The Wages of Fear Screen 4 articles

The Wages of Fear


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  • It takes far too long and that ending is fatalism at its most overblown. But Clouzot's toxic sense of character still stings. "Pure suspense" nothing—this is a bitter, textured fuck-you to the world of 1953. Its setting isn't South America so much as a post-WWII purgatory, as different languages/accents mingle in a corporate-controlled desert where everyone wants to escape. Key line: "What's beyond it?" "Nothing."

  • In its original form, Clouzot's grim thriller had been basically stripped down to its action components, which are among the most gripping to be found anywhere in movies. As it happens, I liked the movie when I saw it in its reduced (and censored) form as a teenager, despite its changed ending, but I like it even more now in its complete (?) form. Its somewhat dated macho elements notwithstanding, the film's pile-driving persistence over two and a half hours commands a certain numbed respect.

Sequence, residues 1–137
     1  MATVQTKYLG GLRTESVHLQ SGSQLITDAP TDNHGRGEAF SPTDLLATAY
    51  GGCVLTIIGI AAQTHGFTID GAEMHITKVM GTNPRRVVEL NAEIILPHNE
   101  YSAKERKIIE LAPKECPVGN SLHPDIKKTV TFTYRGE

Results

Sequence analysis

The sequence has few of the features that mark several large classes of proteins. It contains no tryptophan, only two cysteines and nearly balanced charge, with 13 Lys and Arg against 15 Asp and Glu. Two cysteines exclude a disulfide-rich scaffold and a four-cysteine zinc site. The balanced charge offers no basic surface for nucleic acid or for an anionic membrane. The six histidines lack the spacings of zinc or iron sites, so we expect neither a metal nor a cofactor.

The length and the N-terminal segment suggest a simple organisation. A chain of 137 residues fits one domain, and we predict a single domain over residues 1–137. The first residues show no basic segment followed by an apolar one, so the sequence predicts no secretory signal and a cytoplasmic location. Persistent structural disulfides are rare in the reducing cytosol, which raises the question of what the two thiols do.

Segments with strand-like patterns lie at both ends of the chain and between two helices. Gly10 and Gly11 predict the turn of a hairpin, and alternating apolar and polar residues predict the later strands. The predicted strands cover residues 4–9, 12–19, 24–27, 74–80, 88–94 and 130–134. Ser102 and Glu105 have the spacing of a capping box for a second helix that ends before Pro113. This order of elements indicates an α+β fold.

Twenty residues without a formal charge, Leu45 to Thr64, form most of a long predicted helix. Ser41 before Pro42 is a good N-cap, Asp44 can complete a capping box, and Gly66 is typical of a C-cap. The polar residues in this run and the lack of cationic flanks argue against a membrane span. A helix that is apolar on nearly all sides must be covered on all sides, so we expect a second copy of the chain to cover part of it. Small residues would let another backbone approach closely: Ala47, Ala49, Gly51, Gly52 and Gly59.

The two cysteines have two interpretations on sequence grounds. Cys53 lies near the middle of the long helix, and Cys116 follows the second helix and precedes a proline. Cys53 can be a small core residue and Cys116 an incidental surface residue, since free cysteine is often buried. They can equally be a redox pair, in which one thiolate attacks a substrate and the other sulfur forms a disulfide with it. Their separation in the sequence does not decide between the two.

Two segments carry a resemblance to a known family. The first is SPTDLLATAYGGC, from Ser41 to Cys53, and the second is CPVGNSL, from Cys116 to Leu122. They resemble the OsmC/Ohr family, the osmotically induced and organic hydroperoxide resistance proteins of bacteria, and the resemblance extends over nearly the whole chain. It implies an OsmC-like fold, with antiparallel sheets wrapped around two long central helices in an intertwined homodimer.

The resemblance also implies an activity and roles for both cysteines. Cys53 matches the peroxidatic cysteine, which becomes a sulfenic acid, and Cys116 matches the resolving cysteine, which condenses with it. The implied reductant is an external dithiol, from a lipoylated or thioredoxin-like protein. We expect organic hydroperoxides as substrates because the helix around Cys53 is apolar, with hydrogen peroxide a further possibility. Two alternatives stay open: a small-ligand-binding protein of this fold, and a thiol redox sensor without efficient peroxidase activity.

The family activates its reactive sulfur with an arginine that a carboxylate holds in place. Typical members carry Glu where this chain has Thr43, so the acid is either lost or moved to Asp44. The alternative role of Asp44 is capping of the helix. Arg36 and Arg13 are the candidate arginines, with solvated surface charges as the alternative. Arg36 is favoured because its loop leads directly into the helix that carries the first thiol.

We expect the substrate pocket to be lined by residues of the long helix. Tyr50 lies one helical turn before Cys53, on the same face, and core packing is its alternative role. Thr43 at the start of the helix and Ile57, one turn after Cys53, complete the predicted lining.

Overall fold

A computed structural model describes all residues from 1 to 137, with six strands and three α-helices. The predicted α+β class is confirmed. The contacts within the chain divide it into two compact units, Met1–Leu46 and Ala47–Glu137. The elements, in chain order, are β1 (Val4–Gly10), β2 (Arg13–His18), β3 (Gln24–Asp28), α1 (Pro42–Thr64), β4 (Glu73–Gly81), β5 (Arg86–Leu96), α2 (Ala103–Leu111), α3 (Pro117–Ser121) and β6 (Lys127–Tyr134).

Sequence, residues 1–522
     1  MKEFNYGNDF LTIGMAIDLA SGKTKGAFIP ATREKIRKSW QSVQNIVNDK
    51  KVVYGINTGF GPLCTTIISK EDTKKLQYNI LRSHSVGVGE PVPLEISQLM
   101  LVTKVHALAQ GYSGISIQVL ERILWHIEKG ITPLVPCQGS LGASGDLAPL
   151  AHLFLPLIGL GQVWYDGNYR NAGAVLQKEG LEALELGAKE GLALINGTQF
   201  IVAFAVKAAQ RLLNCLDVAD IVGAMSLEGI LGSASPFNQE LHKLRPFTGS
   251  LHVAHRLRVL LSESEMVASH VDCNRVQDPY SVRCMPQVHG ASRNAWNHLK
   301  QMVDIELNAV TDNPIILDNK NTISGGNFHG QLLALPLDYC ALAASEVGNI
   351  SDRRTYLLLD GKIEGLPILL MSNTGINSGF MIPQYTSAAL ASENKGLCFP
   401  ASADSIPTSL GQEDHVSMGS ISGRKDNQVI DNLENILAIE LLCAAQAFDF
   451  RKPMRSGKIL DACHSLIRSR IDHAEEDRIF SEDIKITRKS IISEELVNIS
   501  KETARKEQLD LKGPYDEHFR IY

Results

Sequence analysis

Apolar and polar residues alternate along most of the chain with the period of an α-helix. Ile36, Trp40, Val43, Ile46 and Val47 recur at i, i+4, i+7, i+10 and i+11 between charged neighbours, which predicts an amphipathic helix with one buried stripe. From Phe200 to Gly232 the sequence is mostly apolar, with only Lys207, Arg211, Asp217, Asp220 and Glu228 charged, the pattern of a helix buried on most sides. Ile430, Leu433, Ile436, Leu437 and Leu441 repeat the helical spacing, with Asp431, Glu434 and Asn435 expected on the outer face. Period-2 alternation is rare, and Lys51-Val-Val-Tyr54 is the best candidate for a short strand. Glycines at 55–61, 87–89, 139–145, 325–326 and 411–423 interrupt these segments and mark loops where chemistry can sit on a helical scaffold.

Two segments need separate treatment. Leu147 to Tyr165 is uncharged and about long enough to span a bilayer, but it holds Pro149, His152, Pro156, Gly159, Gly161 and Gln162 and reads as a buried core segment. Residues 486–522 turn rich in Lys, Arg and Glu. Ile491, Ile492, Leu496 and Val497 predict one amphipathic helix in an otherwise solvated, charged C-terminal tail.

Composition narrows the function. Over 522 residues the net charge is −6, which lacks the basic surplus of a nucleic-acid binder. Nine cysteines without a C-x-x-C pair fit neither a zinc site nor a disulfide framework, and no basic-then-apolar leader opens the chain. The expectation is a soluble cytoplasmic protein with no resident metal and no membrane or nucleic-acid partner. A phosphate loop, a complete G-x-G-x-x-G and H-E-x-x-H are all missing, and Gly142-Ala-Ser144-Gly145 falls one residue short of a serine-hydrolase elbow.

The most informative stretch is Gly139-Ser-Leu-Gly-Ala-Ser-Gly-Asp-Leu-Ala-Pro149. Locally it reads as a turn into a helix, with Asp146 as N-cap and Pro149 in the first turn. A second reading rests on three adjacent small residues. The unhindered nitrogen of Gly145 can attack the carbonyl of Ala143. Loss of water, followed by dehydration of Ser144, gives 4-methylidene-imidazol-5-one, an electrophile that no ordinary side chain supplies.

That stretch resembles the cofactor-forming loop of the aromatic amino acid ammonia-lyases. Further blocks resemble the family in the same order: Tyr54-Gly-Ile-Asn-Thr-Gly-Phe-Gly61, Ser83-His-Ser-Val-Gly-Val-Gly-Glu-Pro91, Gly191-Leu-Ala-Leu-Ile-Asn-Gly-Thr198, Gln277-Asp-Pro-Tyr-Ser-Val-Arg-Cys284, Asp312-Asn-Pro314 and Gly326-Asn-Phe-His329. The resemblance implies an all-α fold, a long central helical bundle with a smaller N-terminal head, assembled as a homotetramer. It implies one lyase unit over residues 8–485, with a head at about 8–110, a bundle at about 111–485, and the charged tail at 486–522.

• Like THERE WILL BE BLOOD, the film captures the obsession and mania that seem like an inevitable byproduct in the quest for oil. Though THE WAGES OF FEAR isn't an explicitly political film, it is decidedly anti-American, offering a critique of corporate imperialism, indigenous exploitation, and a division of labor in which (for the underclass) work and death are essentially one and the same.

  • The history of film theory abounds with chapters on the impact of fundamental film syntax. . . . Not often part of this conversation is the French filmmaker Henri-Georges Clouzot, even though his 1953 film, The Wages of Fear (Le Salaire de la peur), is a model of elemental, technical tension, containing a sustained sequence lasting roughly 90 minutes (part of its 147-minute total runtime) in which the basics of cinematic grammar are implemented and manipulated to astonishing ends.

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